Objective: To perform a content validation of the EUMASS Core Set across six European social insurance systems. The EUMASS Core Set contains 20 categories to describe the functional (in-) capacity of claimants for disability benefits.
Methods: We performed an exploratory, cross-sectional study. We used the EUMASS Core Set, added scales to rate the relevance of the 20 categories and added additional questions concerning comprehensiveness, usefulness and sufficiency of the instrument. Medical examiners from European countries filled in this instrument in 10 consecutive claim assessments.
Results: Forty-eight medical examiners in six different countries evaluated 446 claimants. The medical examiners used all categories to describe the claimants' functional (in-) capacity. Medical examiners missed 41 different categories, often mental functions (n = 17). They rated the instrument as useful in 68.4% and as sufficient in 63.2% of the claims. Perceived usefulness varied among countries, but not among disease groups. Perceived sufficiency varied among countries and disease groups.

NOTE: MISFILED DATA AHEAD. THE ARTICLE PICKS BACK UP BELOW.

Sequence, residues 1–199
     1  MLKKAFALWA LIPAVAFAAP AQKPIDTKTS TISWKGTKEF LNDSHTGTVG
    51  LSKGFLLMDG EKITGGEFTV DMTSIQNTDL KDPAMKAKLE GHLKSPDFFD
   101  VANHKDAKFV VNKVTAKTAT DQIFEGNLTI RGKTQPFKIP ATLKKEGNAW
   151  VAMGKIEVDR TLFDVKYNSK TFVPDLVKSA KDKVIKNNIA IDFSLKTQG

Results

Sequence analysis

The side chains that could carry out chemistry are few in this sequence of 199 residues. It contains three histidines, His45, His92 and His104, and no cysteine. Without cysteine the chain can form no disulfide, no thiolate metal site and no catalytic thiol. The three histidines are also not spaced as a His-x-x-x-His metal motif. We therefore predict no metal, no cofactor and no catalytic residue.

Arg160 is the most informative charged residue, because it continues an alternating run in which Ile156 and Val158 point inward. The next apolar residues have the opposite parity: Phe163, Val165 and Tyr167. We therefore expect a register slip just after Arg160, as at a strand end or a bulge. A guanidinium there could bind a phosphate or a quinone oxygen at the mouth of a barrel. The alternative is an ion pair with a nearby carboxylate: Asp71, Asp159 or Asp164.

Conclusion: The EUMASS Core Set is promising for reporting about functional (in-) capacities. It contains relevant categories for disability evaluation among countries and disease groups. Adding more mental functions might make it more applicable. Medical examiners found it useful and sufficient to evaluate functional (in-) capacity. Implications for Rehabilitation In medical reports of evaluation of work disability, reporting about functional capacity is often unstructured in free text, making the reports difficult to understand. The EUMASS Core Set contains common definitions for expressing functional capacity and is expected to support taking decisions, to improve the quality of decisions and to allow national and international comparisons. Our study suggests the EUMASS core set to be comprehensive, useful and sufficient to express functional capacity in disability evaluation.